Author(s): Whitlach, C.J. and Feinberg, L.F. (2006)

Published In: Journal of Aging & Social Policy, 18 (3-4): 127-139

Study Aim/Purpose: The purpose of this study was to compare the in-home respite experiences of caregivers using the direct pay mode of California’s Caregiver Resource Centers (CRCs) respite program (which is consumer-directed and gives caregivers vouchers to hire and manage their own respite workers) to pay family or friends to provide respite with caregivers who hired respite aides from a homecare or other agency. 

Summary of Methods: Questionnaires were mailed to eligible family caregivers who were responsible for the day-to -day care of a cognitively impaired adult living in the community and receiving in-home respite from a CRC at the time of the study. Completed data were received from 168 respondents, 39 of whom hired family or friends as their respite provider and 77 of whom hired respite aides from a homecare or other agency. Questionnaires collected information on the characteristics of the respite users and care receivers, respite preferences, level of caregiver involvement in supervising his or her aide, satisfaction with respite care, and level of caregiver distress and depression (the latter measured by the Center for Epidemiological Studies Depression Scale). Caregiver respite use and cost data were obtained from the CRC automated data system used to track service usage and expenditures.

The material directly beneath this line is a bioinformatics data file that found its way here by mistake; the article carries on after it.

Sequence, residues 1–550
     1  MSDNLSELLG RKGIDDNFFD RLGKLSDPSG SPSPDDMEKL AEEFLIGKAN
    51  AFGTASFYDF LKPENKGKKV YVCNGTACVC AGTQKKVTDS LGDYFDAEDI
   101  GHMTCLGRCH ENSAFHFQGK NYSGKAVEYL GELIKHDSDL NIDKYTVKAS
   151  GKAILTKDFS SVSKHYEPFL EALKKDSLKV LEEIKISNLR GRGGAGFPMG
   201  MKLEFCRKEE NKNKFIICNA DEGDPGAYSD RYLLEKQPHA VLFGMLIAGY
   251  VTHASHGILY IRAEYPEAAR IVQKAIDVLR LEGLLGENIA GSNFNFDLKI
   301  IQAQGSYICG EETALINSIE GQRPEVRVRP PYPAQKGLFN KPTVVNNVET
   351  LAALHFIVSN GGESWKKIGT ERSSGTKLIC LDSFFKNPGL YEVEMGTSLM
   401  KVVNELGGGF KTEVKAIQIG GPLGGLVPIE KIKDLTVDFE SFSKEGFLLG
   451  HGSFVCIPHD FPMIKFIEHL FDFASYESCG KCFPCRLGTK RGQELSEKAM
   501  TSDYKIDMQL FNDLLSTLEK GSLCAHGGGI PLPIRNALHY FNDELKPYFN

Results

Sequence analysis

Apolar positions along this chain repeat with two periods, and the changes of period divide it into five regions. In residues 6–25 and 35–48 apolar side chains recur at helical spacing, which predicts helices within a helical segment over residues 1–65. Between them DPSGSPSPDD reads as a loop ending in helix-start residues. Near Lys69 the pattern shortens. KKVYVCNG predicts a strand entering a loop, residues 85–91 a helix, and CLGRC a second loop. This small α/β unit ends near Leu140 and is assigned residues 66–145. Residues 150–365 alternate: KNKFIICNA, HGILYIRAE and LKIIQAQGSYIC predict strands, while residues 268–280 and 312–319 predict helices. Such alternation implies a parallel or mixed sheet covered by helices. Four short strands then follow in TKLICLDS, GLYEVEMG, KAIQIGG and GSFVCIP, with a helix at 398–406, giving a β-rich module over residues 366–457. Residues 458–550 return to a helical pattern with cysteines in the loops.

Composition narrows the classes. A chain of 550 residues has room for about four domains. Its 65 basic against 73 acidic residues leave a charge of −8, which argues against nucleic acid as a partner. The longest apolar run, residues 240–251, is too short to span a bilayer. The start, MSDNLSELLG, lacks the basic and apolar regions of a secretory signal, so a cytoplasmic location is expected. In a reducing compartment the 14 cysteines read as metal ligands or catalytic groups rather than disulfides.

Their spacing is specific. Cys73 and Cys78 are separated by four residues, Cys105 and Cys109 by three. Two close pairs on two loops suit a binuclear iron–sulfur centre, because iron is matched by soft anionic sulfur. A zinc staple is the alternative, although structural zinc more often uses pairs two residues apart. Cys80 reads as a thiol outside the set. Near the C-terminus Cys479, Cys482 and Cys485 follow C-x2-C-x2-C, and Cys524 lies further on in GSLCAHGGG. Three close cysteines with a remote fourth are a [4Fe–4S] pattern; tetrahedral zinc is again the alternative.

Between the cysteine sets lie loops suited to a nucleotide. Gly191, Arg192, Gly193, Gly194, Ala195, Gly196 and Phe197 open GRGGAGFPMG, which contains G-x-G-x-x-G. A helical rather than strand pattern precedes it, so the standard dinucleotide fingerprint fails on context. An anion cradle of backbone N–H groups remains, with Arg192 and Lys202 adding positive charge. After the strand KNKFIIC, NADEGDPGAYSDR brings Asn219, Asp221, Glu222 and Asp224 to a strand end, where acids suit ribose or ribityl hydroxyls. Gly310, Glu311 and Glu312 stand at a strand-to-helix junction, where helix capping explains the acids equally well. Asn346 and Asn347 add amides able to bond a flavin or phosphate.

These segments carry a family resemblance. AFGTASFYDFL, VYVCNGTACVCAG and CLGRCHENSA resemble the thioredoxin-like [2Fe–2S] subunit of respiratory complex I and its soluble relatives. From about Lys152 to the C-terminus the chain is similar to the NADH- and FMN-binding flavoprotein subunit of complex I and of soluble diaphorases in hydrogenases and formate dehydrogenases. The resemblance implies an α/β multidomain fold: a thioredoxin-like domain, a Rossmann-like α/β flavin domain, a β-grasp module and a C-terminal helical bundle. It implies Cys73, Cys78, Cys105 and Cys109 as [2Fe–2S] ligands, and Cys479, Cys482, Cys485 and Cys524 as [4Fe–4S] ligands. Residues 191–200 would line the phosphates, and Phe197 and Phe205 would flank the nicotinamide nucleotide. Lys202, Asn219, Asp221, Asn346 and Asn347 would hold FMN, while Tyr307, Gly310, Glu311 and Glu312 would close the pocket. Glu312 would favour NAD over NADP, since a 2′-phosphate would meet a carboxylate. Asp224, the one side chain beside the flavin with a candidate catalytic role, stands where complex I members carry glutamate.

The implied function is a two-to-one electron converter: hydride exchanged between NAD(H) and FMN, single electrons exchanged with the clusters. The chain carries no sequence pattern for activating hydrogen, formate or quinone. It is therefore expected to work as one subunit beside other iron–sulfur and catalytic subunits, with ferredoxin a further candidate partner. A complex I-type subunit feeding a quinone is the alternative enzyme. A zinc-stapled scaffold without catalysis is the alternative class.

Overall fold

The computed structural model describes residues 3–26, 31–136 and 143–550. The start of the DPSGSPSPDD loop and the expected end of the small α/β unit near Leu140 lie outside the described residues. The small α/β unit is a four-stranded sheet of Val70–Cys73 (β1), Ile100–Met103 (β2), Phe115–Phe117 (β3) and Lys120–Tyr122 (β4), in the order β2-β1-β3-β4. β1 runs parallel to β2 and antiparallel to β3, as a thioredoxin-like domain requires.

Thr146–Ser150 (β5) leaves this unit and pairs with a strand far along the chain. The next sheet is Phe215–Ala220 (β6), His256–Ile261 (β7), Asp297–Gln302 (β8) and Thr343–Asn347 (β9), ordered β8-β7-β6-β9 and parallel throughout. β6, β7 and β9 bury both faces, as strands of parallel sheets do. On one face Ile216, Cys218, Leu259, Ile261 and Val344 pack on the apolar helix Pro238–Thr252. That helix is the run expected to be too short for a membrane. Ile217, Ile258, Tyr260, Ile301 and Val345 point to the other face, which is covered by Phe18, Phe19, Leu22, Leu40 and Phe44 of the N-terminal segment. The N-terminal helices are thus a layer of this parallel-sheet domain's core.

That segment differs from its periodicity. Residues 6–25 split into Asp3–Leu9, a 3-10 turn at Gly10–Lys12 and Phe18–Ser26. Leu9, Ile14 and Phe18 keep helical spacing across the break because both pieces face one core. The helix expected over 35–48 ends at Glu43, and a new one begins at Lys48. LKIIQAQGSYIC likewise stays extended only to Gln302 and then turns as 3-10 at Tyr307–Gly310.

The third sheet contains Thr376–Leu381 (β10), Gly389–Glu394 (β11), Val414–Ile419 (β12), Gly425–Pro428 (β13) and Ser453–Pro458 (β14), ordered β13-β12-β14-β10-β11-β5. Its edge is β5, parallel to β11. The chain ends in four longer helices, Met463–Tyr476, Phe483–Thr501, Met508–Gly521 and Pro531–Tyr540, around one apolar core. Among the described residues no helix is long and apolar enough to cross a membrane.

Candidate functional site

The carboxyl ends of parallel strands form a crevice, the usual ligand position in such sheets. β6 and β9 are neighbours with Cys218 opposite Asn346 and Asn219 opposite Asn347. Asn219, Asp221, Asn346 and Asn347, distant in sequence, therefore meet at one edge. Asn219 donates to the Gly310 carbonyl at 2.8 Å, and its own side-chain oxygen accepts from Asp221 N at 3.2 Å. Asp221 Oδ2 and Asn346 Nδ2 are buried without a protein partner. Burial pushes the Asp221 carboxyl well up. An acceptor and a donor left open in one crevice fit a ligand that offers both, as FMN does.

Summary of Results: Caregivers who hired family and friends as respite aides were found to be very similar in their demographic characteristics and levels of mental health and distress to caregivers who hired respite aides from agencies, with a few exceptions: caregivers who hired family and friends were slightly more likely to report worse current health than five years previously, to report “health problems getting in the way of doing things,” to have slightly higher levels of satisfaction with the respite assistance they received, and to have exercised more control and choice in the day-to-day management of their in-home respite aides. The study findings also indicate that hiring family and friends was less costly per hour of service than hiring service providers ($8.48 per hour versus $12.67 per hour) and that these caregivers received more hours of respite assistance per week (9.1 hours versus 7.7 hours per week). 

Study Limitations (as cited by authors): None cited. 

Authors’ Discussion/Conclusions: The authors conclude by saying, “To meet the changing needs of family caregivers, practitioners must offer families access to a range of service delivery options, assess for the caregivers’ preferences and abilities to direct the day-to-day management of in-home respite care, and give the caregivers the choice to hire family and/or friends as respite aides.”